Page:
Our U.S. attorney is a dedicated public servant
I am writing to protest your outrageous front-page hit piece on U.S. Attorney Mary Beth Buchanan ("No Trouble for Buchanan to Stay in Line," March 18), which accused her of being loyal to Bush administration priorities.
What is so wrong with that? Public officials are elected because of the policies they support, so why shouldn't they appoint people who agree with them? That's why we hold elections in the first place. The PG conveniently omitted that when Bill Clinton took office in 1993, he, in an unprecedented move, fired all 93 U.S. attorneys at once to appoint his own. And, I bet, at that time, the PG was not concerned about any political motives in the Clinton Justice Department.
The PG also observed that Ms. Buchanan's office successfully prosecuted only Democrats on corruption charges. But the county and city governments as well as the overwhelming majority of municipalities in Allegheny County are controlled by Democrats. And corruption is a crime committed by those in power.
The article went on to criticize Ms. Buchanan's lengthy inquiry into former Pittsburgh Mayor Tom Murphy's actions with regard to promises made to the firefighters union to secure re-election in 2001. The PG failed to mention that this election was the Democratic primary and it was fellow Democrats who accused Mr. Murphy of wrongdoing.
This article is an appalling attempt to intimidate, paralyze and silence the Bush administration by criminalizing Republican policies through innuendo and selected facts. This is a nonstory and does not belong on the news pages. The PG should be ashamed of itself for trying to besmirch the good reputation of a dedicated public servant.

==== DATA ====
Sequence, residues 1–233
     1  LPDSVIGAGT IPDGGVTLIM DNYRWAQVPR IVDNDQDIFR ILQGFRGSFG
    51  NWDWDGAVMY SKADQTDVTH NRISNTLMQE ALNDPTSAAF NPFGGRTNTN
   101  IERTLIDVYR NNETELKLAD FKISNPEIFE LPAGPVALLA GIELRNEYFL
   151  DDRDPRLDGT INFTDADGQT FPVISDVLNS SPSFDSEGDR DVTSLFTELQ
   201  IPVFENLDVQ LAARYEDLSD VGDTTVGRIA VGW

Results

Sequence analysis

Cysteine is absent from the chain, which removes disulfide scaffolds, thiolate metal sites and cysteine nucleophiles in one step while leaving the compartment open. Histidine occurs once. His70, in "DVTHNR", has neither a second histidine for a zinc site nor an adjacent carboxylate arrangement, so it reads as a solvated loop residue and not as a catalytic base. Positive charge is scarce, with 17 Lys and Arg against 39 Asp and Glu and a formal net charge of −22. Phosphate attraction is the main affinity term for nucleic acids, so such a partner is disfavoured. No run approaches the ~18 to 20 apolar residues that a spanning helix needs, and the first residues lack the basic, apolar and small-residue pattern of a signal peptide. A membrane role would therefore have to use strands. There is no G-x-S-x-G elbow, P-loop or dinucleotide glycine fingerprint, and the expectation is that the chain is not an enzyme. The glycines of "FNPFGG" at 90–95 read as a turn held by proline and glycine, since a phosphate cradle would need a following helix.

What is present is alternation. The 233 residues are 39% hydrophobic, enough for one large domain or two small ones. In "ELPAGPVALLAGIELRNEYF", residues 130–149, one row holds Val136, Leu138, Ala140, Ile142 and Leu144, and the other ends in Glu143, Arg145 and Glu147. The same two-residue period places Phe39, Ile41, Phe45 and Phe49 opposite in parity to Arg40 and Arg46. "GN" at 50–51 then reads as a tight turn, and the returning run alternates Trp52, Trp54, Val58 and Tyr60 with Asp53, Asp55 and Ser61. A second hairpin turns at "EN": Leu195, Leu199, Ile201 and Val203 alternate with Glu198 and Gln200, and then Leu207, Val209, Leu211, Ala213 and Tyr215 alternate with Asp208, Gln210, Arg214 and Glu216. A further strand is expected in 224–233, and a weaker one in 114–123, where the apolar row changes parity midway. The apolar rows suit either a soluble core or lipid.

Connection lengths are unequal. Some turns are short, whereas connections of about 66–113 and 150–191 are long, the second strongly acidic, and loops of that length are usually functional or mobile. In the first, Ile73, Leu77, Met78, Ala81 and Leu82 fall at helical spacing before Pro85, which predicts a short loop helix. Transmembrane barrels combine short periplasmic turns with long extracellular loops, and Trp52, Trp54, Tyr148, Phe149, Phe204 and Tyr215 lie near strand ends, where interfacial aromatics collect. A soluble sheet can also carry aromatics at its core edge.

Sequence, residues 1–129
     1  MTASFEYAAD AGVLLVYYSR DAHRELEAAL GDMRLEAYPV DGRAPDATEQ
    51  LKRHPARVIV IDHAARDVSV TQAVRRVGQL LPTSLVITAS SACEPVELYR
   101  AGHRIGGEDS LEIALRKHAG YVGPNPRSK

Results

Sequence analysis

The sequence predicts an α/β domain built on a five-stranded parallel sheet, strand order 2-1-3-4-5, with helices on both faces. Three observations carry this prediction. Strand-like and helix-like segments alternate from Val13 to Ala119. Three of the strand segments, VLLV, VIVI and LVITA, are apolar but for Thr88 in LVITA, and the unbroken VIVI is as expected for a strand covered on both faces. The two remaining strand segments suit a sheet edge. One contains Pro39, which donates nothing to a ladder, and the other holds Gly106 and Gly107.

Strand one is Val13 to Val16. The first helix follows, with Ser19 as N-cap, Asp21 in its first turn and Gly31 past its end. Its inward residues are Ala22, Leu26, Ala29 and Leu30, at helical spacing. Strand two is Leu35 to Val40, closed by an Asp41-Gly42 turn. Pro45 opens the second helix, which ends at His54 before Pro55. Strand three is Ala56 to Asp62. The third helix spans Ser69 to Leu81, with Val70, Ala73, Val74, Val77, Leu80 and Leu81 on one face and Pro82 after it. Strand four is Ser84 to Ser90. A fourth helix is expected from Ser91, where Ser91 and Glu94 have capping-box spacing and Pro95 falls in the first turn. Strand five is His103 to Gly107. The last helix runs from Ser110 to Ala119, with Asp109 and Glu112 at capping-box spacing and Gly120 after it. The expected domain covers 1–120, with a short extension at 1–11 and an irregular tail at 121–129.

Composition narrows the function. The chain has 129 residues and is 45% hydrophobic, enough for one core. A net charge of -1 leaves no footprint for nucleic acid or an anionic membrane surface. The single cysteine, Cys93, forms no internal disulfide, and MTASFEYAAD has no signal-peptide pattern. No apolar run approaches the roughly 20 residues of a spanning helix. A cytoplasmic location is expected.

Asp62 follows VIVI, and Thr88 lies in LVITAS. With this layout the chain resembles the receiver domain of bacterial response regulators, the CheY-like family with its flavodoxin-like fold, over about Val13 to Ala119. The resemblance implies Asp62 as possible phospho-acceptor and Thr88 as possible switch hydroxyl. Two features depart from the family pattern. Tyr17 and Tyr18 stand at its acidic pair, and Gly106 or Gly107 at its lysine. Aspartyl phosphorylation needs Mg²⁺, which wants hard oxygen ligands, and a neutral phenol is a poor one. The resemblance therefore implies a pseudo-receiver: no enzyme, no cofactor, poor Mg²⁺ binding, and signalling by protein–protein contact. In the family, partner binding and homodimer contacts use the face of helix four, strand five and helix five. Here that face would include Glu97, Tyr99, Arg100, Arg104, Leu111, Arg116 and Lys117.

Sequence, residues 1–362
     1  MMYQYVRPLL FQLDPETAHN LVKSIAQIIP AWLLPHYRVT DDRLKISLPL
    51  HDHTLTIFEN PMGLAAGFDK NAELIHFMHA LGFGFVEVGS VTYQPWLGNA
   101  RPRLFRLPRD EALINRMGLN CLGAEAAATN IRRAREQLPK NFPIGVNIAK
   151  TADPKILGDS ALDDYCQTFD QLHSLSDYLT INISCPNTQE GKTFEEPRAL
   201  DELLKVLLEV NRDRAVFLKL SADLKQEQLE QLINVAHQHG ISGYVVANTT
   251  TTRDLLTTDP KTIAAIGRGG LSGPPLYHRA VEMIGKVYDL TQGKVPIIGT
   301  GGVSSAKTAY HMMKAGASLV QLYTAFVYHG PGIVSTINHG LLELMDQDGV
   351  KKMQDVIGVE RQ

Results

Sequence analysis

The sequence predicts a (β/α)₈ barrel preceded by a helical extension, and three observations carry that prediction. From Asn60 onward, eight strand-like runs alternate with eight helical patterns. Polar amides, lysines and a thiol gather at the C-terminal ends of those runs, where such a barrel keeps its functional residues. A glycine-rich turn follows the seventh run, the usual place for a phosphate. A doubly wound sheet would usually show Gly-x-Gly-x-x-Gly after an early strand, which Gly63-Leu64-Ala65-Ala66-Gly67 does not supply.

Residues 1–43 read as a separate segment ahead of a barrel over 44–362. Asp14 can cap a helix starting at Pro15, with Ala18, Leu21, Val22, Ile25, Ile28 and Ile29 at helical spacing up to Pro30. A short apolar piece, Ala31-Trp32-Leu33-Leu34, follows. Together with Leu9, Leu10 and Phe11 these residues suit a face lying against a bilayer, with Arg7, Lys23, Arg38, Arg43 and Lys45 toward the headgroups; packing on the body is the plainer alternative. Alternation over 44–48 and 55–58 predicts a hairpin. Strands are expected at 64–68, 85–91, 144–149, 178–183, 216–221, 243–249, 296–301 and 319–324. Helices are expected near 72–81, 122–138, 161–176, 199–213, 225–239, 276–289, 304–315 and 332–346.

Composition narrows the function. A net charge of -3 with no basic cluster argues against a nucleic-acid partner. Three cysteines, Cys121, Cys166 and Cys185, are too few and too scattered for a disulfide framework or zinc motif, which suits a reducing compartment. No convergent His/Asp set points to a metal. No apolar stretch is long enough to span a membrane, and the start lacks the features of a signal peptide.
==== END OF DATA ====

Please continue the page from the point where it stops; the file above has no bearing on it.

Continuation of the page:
The writer is vice chairman of the Allegheny County Republican Committee.
Confidence in us
Your March 18 article concerning Mary Beth Buchanan ("No Trouble for Buchanan to Stay in Line") was most interesting because of the manner in which she operates the U.S. attorney's office when compared with the office when Dick Thornburgh was in charge.
I worked as an assistant for Dick Thornburgh in that office from 1969 to 1975. While you could hardly say that Mr. Thornburgh lacked ambition or desire for media attention, he certainly allowed me and other assistants to speak to the media and make television appearances. While one of Ms. Buchanan's defenders claimed that she hired a great staff, she clearly has little confidence in their ability to speak for the office, which is in sharp contrast to Mr. Thornburgh.
Somehow Dick Thornburgh managed to serve as attorney general of the United States and governor after being U.S. attorney even though he did not "closet" his assistants. Times have changed indeed.
SAMUEL J. ORR III
Politics and proof
I read with interest the Perspectives piece by a former assistant U.S. attorney, Thomas Farrell, on Tuesday ("Our U.S. Attorney Should Resign," March 20). Despite being a registered Democrat, I feel I must take exception with the apparent characterization of the case against Dr. Cyril Wecht as one that is politically motivated. The facts available in the public domain do not seem to bear that out.
On a national scale, it certainly appears that this administration has pursued more corruption charges against Democrats than Republicans. The growing national furor over the apparent firing of U.S. attorneys who did not pursue a partisan agenda is very troubling. However, the goal we should all pursue is the depoliticization of the Justice Department, for justice itself should not be tied to politics.
It is time for the rhetoric to moderate and time for the administration to prove by example that it has nothing to hide. If the White House did not release competent staff for political reasons it will be obvious when Karl Rove, Harriet Miers and others testify under oath.
If the charges against area Republicans whom Mr. Farrell discusses were ignored for political reasons, I suggest he produce evidence of his claims instead of leveling charges without facts. To continue the charge/countercharge in the public arena serves no purpose unless there is proof of fire where there is the appearance of smoke.